Searching Vainly for Connection in the Place of Separation: David Jones’ ‘In Parenthesis’

Searching Vainly for Connection in the Place of Separation: David Jones’ ‘In Parenthesis’

“These sit in the wilderness, pent like lousy rodents all the day long; appointed scape-beasts come to the waste-lands, to grope; to stumble at the margin of familiar things – at the place of separation.”

Reading this slim novel-poem-memoir hybrid is like reading a book-length Waste Land without any of the lofty ambiguity. In Parenthesis knows exactly where it is, its sense of place burns through every page, wading through the mud and blood of the WWI trenches. I discovered another Welsh poet while reading this at the Edinburgh festival, Gillian Clarke, and her poem ‘In a Cardiff Arcade’ particularly resonates with my feelings towards this book and what stays, “how it holds wild seas / that knock the earth apart, / how words burn, freeze, / to break and heal your heart.”

TS Eliot called it a work of genius, and it’s not hard to see what he must have seen in it. Jones, this forgotten Somme songbird, as The Guardian puts it, frequently dips into medieval Welsh epics and Old English verse to fortify his thoughts. I sent my Welsh-speaking nana the subtitle with no context, ‘seinnyessit e gledyf ym penn mameu’ and she immediately rendered it in the modernised ‘seinio clefydd ym mhen mamau’, which apparently means something like ‘his sword rang in mothers’ heads’, which is when she realised it was a reference to the elegies of ‘Y Gododdin’ from the 13th century Book of Aneirin.

Jones’ identity as painter also bleeds through in how he portrays the “easel-forest” he marched through in the months this book is set from December 1915 to July 2016, at which point he says the whole tone of the war changed from intimate, domestic camaraderie to the sinister relentlessness of wholesale slaughter. The narrative follows John Ball, who is at times a third person character, at others the writer, and at others still the reader, as he marches with a cast of soldiers – Quilter, Aneirin Lewis, Bobby Saunders, Watcyn, Snell, Dai Greatcoat among them – into the terrifying crescendo of the final vortex.

Jones falls beautifully on the shelf I reserve for the 3 Hs, who I consider the Anglo-Saxon literary torchbearers, Hopkins, Heaney, and Hughes, not least because of his irresistible reliance on the scaffolding of kennings: thought-maze, sack-body, night-walkers, star-draught, dark-lit light-dark, slime-glisten, tree-skeletons, star-still, spell-sleepers, dixie-rim, bat-night-gloom, blue-burnished, brinded-back, night-negative, robber-fire, bayonet-brightness, stumble-stones, and these are just a few.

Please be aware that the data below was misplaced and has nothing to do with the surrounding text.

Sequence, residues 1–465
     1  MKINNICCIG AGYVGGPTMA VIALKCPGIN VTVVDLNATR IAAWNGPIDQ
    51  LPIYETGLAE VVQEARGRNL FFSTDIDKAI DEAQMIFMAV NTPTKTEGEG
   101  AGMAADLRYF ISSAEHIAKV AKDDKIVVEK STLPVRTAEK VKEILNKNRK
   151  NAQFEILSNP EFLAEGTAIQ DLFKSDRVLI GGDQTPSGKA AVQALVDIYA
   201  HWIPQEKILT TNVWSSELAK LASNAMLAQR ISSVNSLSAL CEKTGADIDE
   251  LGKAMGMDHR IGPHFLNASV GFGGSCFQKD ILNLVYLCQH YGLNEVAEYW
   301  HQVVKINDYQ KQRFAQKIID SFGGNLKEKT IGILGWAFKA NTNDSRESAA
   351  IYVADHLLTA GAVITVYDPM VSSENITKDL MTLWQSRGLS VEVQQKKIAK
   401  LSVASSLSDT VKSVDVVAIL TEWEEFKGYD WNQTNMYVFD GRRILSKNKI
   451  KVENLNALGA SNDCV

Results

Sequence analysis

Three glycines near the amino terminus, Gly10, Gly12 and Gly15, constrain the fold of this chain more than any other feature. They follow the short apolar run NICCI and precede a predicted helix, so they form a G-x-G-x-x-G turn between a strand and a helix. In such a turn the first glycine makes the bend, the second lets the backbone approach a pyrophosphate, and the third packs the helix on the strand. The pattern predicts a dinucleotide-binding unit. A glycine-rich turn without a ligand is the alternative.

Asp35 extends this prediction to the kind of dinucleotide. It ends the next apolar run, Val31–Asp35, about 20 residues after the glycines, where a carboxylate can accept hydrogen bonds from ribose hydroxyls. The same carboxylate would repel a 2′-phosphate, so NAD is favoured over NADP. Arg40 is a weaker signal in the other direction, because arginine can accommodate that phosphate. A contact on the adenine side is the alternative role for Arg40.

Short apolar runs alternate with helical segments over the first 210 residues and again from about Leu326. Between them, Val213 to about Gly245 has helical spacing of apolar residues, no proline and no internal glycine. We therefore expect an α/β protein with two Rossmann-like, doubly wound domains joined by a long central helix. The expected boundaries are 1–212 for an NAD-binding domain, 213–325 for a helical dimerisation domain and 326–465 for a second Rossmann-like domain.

Reminiscent of the aching futility in Hemingway’s A Farewell to Arms, In Parenthesis flies just in front of the spectre with the scythe in the struggle to make “the four horsemen speak comfortable words, and smooth her tossing manes; her black-beauty quivering.” The recurring image of the soldier not dying but fading away haunts this dance as “sodden night-bones vivify, wet bones live. With unfathomed passion – this stark stir and waking – contort the comic mask of these tragic japers.” One of my favourite moments sees John Ball on the eve of the attack listless and restless and wishing the carpenters hammering would stop even more than the guns. The signaller Olivier then comes to sit with him and they talk about ordinary things, friends at home, London, language, places they will go, books they’ve read, and “how you really couldn’t very well carry more than one book at a time in your pack.”

Another favourite moment occurs shortly after the bewitching forest feast for the mind that is page 66. John has the night watch and he gazes into the flames of the fire-bay and observes his friends all in a silent row, some smoking, mirrored in the leaden water, rifles leaning behind them against the parapet, all “serving their harsh novitiate”. This sight is echoed later as John drags himself towards the trees, shell-shocked and shredded. “The trees of the wood beware each other and under each a man sitting; their seemly faces as carved in a sardonyx stone; as undiademed princes turn their gracious profiles in a hidden seal, so did these appear, under the changing light.” This he sees just before the Queen of the Woods adorns their bodies with dog-violets and daisy chains, sweet-briar and myrtle wands.

Jones’ novel is all about searching vainly for connection in the place of separation.

Just as his paintings all play with sight, concealment, perspective, his words swirl around in this shifting vortex of broken language and partial images that coalesce into a greater whole. A soldier-artist who turned down officer rank and spent more time than any other war poet on the front lines, he forged the visual nightmares he saw in sumptuous passages of verbal expression like no one had ever done before. This book will indeed stay.

“He stood alone on the stones, his mess-tin spilled at his feet. Out of the vortex, rifling the air it came – bright, brass-shod, Pandoran; with all-filling screaming the howling crescendo’s up-piling snapt. The universal world, breath held, one half second, a bludgeoned stillness. Then the pent violence released a consummation of all bursting out; all sudden up-rendings and rivings-through – all taking-out of vents – all barrier-breaking – all unmaking. Pernitric begetting – the dissolving and splitting of solid things. In which unearthing aftermath, John Ball picked up his mess-tin and hurried within; ashen, huddled, waited in the dismal straw.”

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